Sunday, December 15, 2019

Hedge and Shrub Trimming Tips Advised by Experts

Growing up we had hedges between my yard and my neighbors', and I remember watching professionals come take care of it. But what if you wanted to take care of it yourself? Here's how you can save money by DIYing your hedge trimming.

Shrubs and hedges are arguably the most underrated and overlooked of all the landscape plants. Which is a shame because they possess a natural beauty that can effortlessly enhance the curb appeal of your home, while complementing the rest of your yard landscape.

When they’re neatly trimmed, most varieties will stay green and vibrant all year round and can even increase the resale value of your home. Misshapen, overgrown, or unkempt hedges and shrubs, on the other hand, will reduce the overall value and appearance of your home. Fortunately, trimming these landscaping beauties is fairly easy if you know what you’re doing. If you’re overwhelmed by the process, here are a few pro tips to help you out.

Understand your hedge’s trimming needs

First and foremost, you need to start by assessing the type and condition of your hedge. The professional gardeners at, strongly recommends that you understand the type of hedge you have before you make the first cut. This is because every kind has its own trimming needs. Broadleaf Evergreen shrubs, for instance, benefit from a light trimming or deadheading just after flowering, simply removing the spent blooms should do the trick, but you’ll need to be careful not to damage the vegetative buds or the new shoots below the flowers. On the other hand, drastically overgrown and multi-stem Broadleaf Evergreens will need a bit more than a simple trimming.

Know when to trim

The best time to trim your shrubs also depends upon the plant type. For early-spring-flowering right, it’s generally recommended that you trim right after they bloom. As for summer-flowering-shrubs, they should be clipped during the winter or early spring when the blooms are still brown. This way, the plans will have enough time to set buds for the next growing season. For non-flowering shrubs, wait until new growth has completely formed before you trim.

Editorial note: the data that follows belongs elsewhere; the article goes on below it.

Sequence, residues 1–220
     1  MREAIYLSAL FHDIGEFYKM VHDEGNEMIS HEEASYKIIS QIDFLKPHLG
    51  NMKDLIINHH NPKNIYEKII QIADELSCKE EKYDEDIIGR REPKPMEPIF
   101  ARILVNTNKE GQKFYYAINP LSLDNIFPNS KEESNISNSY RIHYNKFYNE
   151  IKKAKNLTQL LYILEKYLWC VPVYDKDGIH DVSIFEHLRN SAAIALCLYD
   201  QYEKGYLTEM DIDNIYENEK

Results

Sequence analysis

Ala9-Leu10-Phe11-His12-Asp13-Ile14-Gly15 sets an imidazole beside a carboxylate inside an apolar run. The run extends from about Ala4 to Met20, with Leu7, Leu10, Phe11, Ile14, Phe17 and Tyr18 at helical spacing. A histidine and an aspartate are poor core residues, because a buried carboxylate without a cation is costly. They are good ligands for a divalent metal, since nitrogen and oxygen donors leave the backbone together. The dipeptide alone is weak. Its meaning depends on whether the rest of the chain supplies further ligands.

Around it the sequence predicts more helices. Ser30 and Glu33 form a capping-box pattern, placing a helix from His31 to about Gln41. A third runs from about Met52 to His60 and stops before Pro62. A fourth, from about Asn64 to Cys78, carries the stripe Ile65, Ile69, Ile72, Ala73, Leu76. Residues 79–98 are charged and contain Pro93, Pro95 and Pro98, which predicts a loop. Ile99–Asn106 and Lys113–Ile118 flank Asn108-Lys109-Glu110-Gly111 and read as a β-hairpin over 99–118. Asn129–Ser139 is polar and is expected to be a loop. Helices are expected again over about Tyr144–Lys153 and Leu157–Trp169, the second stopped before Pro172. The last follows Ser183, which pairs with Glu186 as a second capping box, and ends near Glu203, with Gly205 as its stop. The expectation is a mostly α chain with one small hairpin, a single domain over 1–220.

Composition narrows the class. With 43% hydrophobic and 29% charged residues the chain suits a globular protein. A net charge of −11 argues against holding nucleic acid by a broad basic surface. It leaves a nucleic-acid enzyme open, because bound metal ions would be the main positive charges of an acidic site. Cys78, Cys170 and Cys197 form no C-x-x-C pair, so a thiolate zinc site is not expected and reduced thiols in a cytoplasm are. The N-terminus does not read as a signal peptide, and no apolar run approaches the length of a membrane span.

Shape the hedge so that the top is narrower than the bottom

Because that’s where they receive the most sunlight, most hedges will naturally grow wider at the top if left alone, consequently creating a V shape that shades out lower branches. As a result, the bottom branches will start to wilt and brown. Ideally, when trimming, you’ll want to turn that V upside down. Regardless of the shape of the top — whether it’s flat, rounded, or pointed— when trimming, start at the bottom and work your way up.

Hand-prune before you trim

Using a handheld pruners or a power trimmer to cut off the tips of your hedge’s branches keeps the hedge neat and tidy. Moreover, hand-pruning also stimulates bud production, especially near the shrub's edges. But, keep in mind that as buds grow and multiply, your shrub can get too thick for sunlight to penetrate it preventing interior growth. To avoid this, be sure to use hand-pruners to create some spaces in the hedge to allow light and air to seep through. When trimming, reach inside the shrub every few feet and clip a branch or two at a 45° angle, just above a stem or leaf that’s growing in a direction you want to encourage.

In case of snow, give your hedges and shrubs a rounded top

A straight cut makes your hedges and shrubs more prone to snow damage because, with a straight top, your plants won’t be able to shed snow as readily. So, if you live somewhere where your hedges are subjected to regular, heavy snow, consider cutting a rounded top of your hedges and shrubs to reduce the accumulation of heavy snow and the breakage of branches that will consequently occur.

Cut in perfectly straight lines

Trimming your plants in perfectly straight lines can be challenging. To precisely cut straight lines, you can use strings and stakes to ensure an even line along the top of your hedge. All you have to do is run a string line along the hedge between the stakes and then simply cut along the line.

As you can see, hedge and shrub trimming is a skill that anyone can master, all you have to do is learn a few basics. Rather than thinking of trimming your shrubs as a chore that you keep putting off, try looking at it as a creative outlet. With our expert tips in mind, you’ll find that keeping your shrubs and hedges neat and healthy is much easier than you think. So what are you waiting for? Go ahead and take your pruner and trimmer out of the shed and start trimming.